Research has long supported the benefits of exercise, from weight control to reducing the risks of cardiovascular disease, type 2 diabetes, metabolic syndrome, and even cancer. Regular workouts strengthen your bones and muscles, increase your flexibility, and help you stay active and mobile as you age, helping you live longer.
Exercise’s effect on mental health and mood is no exception—it’s as effective in treating minor depression as therapy and prescription drugs. The mood-enhancing benefits apply for everyone. Here are 4 ways:
ExerciseImproves Cognitive Performance
Research suggests that even short bouts of intensive exercise during your workday can increase performance and productivity.
Exercise Helps Reduce Pain
Everyone knows about the “runner’s high,” a feeling of pain reduction that accompanies lengthy bouts of exercise. Research suggests that you don’t have to run marathons to see the pain-reducing benefits of exercise—even low-impact activities like water aerobics can help reduce pain.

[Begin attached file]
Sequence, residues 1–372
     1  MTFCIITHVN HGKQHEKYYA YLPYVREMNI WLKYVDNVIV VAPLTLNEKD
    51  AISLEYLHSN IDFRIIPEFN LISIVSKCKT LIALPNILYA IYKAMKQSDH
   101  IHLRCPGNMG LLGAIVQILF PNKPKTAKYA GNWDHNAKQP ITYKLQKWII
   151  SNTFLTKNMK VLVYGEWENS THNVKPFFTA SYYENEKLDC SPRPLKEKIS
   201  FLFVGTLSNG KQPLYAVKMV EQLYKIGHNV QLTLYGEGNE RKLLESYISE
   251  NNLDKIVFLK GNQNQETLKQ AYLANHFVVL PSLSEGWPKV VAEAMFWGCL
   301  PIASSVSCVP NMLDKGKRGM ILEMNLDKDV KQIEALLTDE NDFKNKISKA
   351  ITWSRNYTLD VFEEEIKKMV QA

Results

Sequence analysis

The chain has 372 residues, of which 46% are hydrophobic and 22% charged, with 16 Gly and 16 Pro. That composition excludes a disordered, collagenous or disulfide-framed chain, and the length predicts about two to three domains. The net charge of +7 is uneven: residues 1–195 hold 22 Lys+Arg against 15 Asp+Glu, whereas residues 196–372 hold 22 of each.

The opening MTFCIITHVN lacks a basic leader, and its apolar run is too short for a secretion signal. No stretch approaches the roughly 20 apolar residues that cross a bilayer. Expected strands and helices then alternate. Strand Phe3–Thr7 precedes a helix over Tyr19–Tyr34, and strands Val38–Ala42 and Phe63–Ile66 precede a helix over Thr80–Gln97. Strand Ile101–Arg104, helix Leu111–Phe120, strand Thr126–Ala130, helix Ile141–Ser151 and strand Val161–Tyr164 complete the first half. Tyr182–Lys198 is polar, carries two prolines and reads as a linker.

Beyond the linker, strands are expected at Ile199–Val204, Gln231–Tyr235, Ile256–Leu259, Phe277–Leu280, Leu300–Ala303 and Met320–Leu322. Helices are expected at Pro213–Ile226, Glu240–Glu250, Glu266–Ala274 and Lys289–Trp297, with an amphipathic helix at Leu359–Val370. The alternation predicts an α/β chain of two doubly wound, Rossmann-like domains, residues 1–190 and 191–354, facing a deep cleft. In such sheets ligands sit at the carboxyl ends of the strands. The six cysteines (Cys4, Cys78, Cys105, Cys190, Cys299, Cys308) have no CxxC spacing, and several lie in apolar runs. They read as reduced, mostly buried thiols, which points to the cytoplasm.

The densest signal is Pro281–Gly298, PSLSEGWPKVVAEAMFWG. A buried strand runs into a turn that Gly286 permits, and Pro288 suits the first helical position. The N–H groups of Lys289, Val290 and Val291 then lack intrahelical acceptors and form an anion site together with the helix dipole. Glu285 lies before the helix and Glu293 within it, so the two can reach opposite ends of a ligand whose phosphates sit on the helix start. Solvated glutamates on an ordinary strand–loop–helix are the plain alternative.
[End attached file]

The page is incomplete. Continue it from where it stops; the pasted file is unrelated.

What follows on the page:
PeopleWho Exercise Report Having Better Romantic Relationships
Researchers aren’t sure of the reason. It could be that exercise makes you feel better about yourself. Maybe it improves your sex life. Or perhaps the good mood it puts you in helps smooth over any issues you might have with your romantic partner.
Studies continue to show that people who exercise are happier—no surprise considering all the elements above coming together!
If you’re vulnerable to depression or seasonal affective disorder, exercise should be one of your mainstays. And even if you don’t struggle with those issues, hitting the gym can still give you positive effects that are well worth it.